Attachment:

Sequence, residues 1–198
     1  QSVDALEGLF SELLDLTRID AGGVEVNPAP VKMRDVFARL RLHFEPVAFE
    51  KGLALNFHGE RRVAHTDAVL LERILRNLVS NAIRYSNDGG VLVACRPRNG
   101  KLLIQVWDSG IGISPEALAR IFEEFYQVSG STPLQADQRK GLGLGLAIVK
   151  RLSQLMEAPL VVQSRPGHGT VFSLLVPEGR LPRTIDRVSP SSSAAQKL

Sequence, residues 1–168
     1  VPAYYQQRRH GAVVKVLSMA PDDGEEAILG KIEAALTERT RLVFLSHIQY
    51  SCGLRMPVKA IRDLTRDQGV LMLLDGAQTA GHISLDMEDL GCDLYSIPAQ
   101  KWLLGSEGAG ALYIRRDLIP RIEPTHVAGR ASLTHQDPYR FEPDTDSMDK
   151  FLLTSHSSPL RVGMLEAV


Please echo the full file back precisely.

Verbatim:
Sequence, residues 1–198
     1  QSVDALEGLF SELLDLTRID AGGVEVNPAP VKMRDVFARL RLHFEPVAFE
    51  KGLALNFHGE RRVAHTDAVL LERILRNLVS NAIRYSNDGG VLVACRPRNG
   101  KLLIQVWDSG IGISPEALAR IFEEFYQVSG STPLQADQRK GLGLGLAIVK
   151  RLSQLMEAPL VVQSRPGHGT VFSLLVPEGR LPRTIDRVSP SSSAAQKL

Sequence, residues 1–168
     1  VPAYYQQRRH GAVVKVLSMA PDDGEEAILG KIEAALTERT RLVFLSHIQY
    51  SCGLRMPVKA IRDLTRDQGV LMLLDGAQTA GHISLDMEDL GCDLYSIPAQ
   101  KWLLGSEGAG ALYIRRDLIP RIEPTHVAGR ASLTHQDPYR FEPDTDSMDK
   151  FLLTSHSSPL RVGMLEAV